The controversial social psychologist and ethicist Thomas Szasz also seemed to hold this view, stating that “a word means its consequences” in debate.

Some non-linguistic meaning emerges from natural history as a development over vast periods of time. This is the theory behind autopoiesis and self-organization. Some social scientists use autopoiesis as a model for the development of structural coupling in the family.

A typical example of this kind of relationship is the predator-prey relationship. These relations carry strong intrinsic (life and death) meaning for all living organisms, including people.

Observations of child development and of behavioral abnormalities in some people indicate that some innate capabilities of human beings are essential to the process of meaning creation. Two examples are:

  • rapid language development in children, at a pace that can not be accounted for by the usual learning process.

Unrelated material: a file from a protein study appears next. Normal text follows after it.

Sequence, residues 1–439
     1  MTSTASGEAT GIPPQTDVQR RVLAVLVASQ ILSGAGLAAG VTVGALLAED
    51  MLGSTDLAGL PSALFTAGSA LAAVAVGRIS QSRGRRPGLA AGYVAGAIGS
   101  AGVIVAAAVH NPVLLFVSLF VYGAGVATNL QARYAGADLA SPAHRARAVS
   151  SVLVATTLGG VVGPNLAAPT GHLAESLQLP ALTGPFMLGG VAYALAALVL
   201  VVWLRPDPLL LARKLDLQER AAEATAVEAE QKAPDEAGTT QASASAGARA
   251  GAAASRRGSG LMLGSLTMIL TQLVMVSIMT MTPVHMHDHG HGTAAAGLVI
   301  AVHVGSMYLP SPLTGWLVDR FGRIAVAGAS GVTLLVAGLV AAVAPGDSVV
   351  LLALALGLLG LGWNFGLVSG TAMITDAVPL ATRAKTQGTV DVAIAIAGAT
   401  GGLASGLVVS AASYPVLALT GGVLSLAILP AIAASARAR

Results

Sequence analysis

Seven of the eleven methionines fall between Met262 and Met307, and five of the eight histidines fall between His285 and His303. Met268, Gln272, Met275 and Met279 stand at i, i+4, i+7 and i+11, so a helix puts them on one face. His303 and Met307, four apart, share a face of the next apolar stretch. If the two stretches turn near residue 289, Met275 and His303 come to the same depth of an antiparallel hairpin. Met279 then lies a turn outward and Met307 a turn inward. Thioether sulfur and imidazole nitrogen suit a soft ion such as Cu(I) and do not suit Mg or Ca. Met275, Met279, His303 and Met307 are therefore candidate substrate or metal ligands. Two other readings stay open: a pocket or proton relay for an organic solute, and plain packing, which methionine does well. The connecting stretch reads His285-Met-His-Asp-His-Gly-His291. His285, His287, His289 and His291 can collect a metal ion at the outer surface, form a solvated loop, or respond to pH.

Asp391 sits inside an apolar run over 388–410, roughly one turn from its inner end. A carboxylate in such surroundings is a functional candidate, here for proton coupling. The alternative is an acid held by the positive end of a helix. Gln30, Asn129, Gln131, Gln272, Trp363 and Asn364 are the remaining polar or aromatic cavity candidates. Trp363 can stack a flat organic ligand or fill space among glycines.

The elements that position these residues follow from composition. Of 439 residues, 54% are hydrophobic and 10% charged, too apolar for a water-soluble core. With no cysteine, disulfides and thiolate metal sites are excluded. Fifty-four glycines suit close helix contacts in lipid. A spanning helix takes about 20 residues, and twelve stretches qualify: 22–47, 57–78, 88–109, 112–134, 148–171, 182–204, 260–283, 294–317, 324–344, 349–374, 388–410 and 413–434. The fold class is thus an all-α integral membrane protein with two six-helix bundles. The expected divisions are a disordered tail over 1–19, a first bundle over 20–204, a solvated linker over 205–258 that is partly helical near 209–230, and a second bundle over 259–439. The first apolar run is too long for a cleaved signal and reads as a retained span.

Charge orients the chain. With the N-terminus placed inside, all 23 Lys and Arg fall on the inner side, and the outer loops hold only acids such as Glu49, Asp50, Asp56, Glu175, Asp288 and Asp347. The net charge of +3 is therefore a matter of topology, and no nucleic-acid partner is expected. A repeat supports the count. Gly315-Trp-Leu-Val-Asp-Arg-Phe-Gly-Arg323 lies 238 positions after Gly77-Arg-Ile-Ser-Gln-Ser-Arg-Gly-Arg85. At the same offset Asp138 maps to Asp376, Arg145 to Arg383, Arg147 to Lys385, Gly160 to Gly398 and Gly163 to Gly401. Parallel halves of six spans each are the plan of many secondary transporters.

• the functioning of a personal “theory of mind” about other people, or empathy, as an innate capability of most people. (Recently published research points to a reflex-based “model of mind” that is built upon the mirror neurons – that we share with certain other creatures.)

2. WHAT IS THE ESSENTIAL DIALECTIC OF MEANING?

The Essential Dialectic of Meaning is:

{Apophatic ⇆ Literal ⇅ Moral} ↻ Allegorical

3. WHAT IS THE INTERMEDIARY DIALECTIC OF MEANING?

The Intermediary Dialectic of Meaning is:

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4. WHAT IS THE COMPLETE DIALECTIC OF MEANING?

The Complete Dialectic of Meaning is: